Oracy is defined as ‘the ability to express oneself fluently and grammatically in speech‘. Oracy is commonly viewed as being as important to teach children as it is to teach them English and Maths lessons. We have been introducing Oracy into our curriculum this year and it is a vital part of our school development plan for next year.
Dr Mynott, Mr Beach and Miss Rieger have been part of a lesson study this year. We wanted to explore Oracy in Years 2,4 and 6 and ways we can use this in your child’s classroom to improve outcomes. We all learnt lots about Oracy and are excited to roll this out to the whole school next year.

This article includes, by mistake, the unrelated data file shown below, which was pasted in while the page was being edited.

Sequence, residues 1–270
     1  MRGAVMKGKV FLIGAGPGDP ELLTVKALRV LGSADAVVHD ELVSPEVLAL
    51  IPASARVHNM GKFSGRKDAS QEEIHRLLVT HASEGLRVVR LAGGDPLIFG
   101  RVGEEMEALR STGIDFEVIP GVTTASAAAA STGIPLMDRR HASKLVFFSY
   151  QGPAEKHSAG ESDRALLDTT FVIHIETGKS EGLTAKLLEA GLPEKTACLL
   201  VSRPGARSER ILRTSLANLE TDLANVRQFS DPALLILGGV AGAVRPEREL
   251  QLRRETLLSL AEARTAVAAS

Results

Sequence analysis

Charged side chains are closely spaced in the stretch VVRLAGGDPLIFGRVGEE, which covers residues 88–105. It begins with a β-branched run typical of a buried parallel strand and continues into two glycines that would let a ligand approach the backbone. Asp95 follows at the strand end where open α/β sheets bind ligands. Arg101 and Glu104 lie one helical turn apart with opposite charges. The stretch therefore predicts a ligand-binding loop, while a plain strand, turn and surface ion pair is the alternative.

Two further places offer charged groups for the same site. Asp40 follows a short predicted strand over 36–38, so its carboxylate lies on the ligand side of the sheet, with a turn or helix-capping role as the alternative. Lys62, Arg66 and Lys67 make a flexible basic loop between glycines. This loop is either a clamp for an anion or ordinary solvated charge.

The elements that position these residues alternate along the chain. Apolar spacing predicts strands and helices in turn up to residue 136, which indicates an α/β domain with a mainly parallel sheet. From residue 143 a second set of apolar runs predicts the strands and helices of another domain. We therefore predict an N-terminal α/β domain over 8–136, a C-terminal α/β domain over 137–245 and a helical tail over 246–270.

So much research shows that teaching and developing Oracy can ultimately improve attainment in writing and raise standards across the curriculum. Mr Beach has been using Oracy in lots of humanities lessons and has seen so much progress in the children’s ability to express their views in a sophisticated way and be able to work in pairs, share to the class by ‘thumbing in’ and active listening.
At home you might encourage your child to develop the way they speak when talking about their reading book by remodelling sentences they say for example:
‘He is a kind character’ to ‘I think he is a kind character because…’
You might like to encourage your child to explain their views on a subject by asking them if they agree or disagree and give reasons why they think this.
We look forward to sharing more of our work on Oracy in September!